[m-rev.] time additions (was Re: for review: Add random.init/3)
novalazy at gmail.com
Thu May 26 13:05:31 AEST 2016
On Thu, 26 May 2016 12:15:52 +1000 (AEST), Julien Fischer <jfischer at opturion.com> wrote:
> On Thu, 26 May 2016, Paul Bone wrote:
> > On Thu, May 26, 2016 at 11:25:16AM +1000, Peter Wang wrote:
> >> On Wed, 25 May 2016 16:28:32 +1000, Peter Wang <novalazy at gmail.com> wrote:
> >> A common way to seed the PRNG in C is
> >> srand(time(0));
> >> The time in seconds-since-the-Unix-epoch is useful for many other
> >> purposes, in addition to seeding any PRNG implementation.
> >> I would like to see an easy way to get an integer (simple)
> >> representation of Unix time, as well as a way to convert between an
> >> integer representation and the time_t values.
> >> The main problem is probably that a signed 32-bit int cannot represent
> >> Unix times past some time in 2038. Apart from 32-bit machines, this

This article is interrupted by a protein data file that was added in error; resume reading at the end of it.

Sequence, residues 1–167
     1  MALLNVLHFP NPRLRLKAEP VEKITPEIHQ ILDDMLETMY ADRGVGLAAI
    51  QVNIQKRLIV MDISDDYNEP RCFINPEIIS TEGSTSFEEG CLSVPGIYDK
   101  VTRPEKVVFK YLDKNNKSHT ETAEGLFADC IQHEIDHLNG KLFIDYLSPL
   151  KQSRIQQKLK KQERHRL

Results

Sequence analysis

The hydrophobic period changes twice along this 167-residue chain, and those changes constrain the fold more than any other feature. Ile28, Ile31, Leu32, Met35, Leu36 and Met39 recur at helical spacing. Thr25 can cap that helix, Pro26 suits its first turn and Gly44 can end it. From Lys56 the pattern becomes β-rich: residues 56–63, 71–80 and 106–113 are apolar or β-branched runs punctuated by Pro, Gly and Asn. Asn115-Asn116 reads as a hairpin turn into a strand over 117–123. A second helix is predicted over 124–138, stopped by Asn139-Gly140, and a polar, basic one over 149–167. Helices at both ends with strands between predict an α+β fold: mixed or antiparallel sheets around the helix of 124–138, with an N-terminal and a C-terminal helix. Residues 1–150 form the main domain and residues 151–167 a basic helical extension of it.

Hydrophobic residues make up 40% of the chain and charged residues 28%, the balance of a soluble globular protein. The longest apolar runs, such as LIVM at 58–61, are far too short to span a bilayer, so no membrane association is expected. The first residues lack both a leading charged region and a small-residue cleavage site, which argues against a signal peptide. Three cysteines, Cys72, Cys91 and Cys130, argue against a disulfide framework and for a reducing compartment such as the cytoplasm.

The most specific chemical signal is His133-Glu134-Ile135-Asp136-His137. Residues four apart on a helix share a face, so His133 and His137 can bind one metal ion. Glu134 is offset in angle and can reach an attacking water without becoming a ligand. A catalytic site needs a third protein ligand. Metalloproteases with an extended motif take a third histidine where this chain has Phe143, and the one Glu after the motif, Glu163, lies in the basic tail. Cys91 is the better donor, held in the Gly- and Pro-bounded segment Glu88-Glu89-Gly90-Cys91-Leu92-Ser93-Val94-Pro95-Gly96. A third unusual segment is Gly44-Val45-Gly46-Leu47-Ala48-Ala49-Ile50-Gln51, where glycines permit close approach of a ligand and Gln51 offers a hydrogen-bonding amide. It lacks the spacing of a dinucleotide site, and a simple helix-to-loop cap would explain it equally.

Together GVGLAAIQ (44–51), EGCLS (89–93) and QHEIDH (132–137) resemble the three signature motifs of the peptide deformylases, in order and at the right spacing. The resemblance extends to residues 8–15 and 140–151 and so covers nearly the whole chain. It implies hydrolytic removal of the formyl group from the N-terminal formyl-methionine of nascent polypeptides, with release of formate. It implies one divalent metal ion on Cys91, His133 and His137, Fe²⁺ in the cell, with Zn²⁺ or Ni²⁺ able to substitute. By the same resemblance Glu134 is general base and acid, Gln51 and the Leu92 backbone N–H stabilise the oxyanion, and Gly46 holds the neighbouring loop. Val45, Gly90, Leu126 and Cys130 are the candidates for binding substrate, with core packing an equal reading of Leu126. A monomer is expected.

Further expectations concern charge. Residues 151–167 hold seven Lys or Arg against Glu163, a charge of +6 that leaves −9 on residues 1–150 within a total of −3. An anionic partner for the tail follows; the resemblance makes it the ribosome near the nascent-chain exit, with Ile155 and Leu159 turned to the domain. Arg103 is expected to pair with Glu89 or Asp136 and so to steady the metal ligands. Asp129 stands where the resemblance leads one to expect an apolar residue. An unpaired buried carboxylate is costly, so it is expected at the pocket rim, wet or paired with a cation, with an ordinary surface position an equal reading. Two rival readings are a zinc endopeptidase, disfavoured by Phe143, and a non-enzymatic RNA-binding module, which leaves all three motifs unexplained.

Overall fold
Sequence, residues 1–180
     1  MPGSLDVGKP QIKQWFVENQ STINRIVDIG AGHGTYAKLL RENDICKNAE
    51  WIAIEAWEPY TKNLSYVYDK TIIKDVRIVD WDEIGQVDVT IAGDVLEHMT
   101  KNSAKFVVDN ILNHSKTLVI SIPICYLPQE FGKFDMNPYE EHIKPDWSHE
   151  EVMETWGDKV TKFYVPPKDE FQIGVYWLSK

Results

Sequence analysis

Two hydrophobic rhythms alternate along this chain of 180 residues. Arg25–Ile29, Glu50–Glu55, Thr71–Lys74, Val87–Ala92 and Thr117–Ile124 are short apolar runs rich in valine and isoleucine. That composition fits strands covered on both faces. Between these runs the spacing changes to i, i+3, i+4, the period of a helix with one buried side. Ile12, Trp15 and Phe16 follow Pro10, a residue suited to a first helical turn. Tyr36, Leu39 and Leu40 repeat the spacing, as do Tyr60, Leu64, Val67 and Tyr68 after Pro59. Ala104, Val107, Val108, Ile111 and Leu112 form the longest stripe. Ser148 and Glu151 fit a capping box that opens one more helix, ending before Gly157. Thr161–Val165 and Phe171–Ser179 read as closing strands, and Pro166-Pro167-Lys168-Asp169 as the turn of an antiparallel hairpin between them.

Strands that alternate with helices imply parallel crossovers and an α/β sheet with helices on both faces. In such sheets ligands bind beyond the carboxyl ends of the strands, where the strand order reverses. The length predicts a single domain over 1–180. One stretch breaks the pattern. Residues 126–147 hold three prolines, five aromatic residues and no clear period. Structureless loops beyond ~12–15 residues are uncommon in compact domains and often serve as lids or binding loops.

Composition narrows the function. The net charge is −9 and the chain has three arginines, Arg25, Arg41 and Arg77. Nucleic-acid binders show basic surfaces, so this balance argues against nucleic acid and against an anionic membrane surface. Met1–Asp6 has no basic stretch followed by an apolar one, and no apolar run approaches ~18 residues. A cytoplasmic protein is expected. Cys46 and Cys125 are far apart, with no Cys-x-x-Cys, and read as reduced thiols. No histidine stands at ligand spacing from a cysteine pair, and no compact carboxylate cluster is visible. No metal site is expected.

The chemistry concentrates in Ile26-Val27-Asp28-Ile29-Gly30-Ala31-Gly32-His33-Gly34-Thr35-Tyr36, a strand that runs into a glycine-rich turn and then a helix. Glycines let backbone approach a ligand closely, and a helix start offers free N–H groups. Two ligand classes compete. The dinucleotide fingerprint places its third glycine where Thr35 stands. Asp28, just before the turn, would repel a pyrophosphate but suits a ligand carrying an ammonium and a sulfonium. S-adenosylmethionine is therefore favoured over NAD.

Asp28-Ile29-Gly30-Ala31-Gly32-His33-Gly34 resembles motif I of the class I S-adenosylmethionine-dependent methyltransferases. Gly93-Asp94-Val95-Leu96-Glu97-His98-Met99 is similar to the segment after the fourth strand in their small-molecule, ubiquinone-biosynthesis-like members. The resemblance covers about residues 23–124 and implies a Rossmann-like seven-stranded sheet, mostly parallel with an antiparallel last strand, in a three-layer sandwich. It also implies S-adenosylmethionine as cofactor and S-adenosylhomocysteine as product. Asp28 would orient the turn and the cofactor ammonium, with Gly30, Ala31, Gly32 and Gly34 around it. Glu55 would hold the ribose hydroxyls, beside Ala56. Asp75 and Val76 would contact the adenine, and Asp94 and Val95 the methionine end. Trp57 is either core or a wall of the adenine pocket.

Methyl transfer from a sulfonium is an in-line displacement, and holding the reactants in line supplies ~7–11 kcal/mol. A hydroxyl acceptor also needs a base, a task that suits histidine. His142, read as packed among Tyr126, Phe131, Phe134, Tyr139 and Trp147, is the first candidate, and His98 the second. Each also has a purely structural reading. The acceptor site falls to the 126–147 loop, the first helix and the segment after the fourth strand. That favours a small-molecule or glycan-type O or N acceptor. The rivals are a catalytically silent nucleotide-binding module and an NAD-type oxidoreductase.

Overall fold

> >> problem also affects C# and Java backends.
> >> difftime/2 returns a float. You can get the current unix time as a
> >> float with
> >> time(Now, !IO),
> >> Secs = difftime(Now, unix_epoch)
> >> where `unix_epoch' returns a time_t.
> >> Using floats is not very satisfying but in most cases they will be
> >> double precision, and capable of representing any reasonable time
> >> value precisely.
> I think we should define Mercury's float type to always be a double
> precision type and just do away with the spf grade component entirely.
> That would deal with the "most cases" issue above.
Fine by me.
> > Eww,
> > My reaction to the use of floats for this kind of thing is rater visceral.
I understand, but doubles can represent values to 2^53 precisely.
% date -d @$(( 2**53 ))
Mon Nov 12 18:36:32 AEDT 285428751
That ought to be enough for anybody...
> > I agree that it may be useful to expose time in seconds since the epoch for
> > other reasons. And as an aside, gettimeofday() could be useful if portable
> > too.
> 4. Seed the PRNG using something other than time, for example:
> :- pred generate_random_int(int::out, io::di, io::uo) is det.
> and generate the int using /dev/random (on Unix) or CryptGenRandom (on
> Windows), or whatever the appropriate OS / platform specific source of
> randomness is. (Most OSs -- and certainly the ones that Mercury
> actually runs on -- will provide something along those lines.)
That would be useful, too.
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